Cinema, Emergence, and the Films of Satyajit Ray / Edition 1 by Keya Ganguly | 9780520262164 | Hardcover | Barnes & Noble
Cinema, Emergence, and the Films of Satyajit Ray / Edition 1

Cinema, Emergence, and the Films of Satyajit Ray / Edition 1

by Keya Ganguly
     
 

ISBN-10: 0520262166

ISBN-13: 9780520262164

Pub. Date: 06/08/2010

Publisher: University of California Press


Although revered as one of the world’s great filmmakers, the Indian director Satyajit Ray is described either in narrowly nationalistic terms or as an artist whose critique of modernity is largely derived from European ideas. Rarely is he seen as an influential modernist in his own right whose contributions to world cinema remain unsurpassed. In this

Overview


Although revered as one of the world’s great filmmakers, the Indian director Satyajit Ray is described either in narrowly nationalistic terms or as an artist whose critique of modernity is largely derived from European ideas. Rarely is he seen as an influential modernist in his own right whose contributions to world cinema remain unsurpassed. In this benchmark study, Keya Ganguly situates Ray’s work within the internationalist spirit of the twentieth century, arguing that his film experiments revive the category of political or “committed” art. She suggests that in their depictions of Indian life, Ray’s films intimate the sense of a radical future and document the capacity of the image to conceptualize a different world glimpsed in the remnants of a disappearing past.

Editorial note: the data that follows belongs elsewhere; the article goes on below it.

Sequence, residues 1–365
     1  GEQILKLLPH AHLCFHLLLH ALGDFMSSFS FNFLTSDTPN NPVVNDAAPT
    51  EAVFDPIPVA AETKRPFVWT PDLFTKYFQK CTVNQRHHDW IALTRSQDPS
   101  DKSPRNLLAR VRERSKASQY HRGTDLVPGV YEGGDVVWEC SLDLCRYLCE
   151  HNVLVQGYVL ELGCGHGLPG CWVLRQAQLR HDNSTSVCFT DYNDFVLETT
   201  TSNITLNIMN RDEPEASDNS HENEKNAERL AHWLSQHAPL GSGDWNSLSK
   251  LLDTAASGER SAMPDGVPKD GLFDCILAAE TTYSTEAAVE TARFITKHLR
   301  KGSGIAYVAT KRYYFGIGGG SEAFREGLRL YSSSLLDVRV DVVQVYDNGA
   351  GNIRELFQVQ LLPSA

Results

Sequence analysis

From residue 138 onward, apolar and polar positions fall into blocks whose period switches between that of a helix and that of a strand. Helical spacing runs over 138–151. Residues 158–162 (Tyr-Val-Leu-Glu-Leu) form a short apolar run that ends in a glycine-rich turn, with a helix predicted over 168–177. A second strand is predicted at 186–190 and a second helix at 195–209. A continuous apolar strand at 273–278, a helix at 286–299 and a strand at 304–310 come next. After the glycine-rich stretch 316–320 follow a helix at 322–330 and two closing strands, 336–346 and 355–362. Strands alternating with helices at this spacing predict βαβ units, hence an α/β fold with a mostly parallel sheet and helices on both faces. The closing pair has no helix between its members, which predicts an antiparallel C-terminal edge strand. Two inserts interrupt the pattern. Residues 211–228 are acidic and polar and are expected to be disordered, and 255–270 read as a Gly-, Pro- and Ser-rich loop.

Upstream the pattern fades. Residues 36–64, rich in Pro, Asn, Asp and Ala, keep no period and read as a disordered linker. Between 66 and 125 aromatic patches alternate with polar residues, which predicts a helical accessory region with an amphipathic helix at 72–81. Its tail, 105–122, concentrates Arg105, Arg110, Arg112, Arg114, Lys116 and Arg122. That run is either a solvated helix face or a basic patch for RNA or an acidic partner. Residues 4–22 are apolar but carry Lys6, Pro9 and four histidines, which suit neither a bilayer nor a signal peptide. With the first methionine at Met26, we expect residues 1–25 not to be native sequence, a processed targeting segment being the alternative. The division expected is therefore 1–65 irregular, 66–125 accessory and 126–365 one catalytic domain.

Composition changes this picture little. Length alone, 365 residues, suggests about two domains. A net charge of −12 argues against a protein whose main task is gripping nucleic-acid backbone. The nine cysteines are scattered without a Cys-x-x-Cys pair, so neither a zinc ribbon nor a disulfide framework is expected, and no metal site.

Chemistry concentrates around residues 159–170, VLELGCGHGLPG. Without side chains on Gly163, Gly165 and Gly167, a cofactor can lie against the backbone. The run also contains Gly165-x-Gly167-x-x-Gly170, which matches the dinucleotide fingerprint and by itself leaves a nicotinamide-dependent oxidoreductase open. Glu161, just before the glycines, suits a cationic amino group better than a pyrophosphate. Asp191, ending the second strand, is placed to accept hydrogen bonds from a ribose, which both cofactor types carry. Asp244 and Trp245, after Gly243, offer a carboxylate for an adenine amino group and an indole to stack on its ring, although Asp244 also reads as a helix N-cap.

Product Details

ISBN-13:
9780520262164
Publisher:
University of California Press
Publication date:
06/08/2010
Pages:
274
Product dimensions:
6.00(w) x 9.10(h) x 0.90(d)

Related Subjects

Table of Contents


List of Illustrations
Acknowledgments
Note on Romanization

Introduction: The Light of the New Moon

1. Catastrophe and Utopia: Ghare Baire, or the Household Goddess
2. The (Un)moving Image: Visuality and the Modern in Charulata
3. Devi: Documenting the Decadent, Incarnating the Modern
4. The Music Room Revisited: Jalsaghar, Attraction, Perception
5. Take Two: Mahanagar and Cinematic Imperfection
6. Cinema and Universality: Apur Sansar

Conclusion: Lateness and Cinema

Notes
Select Bibliography
Index

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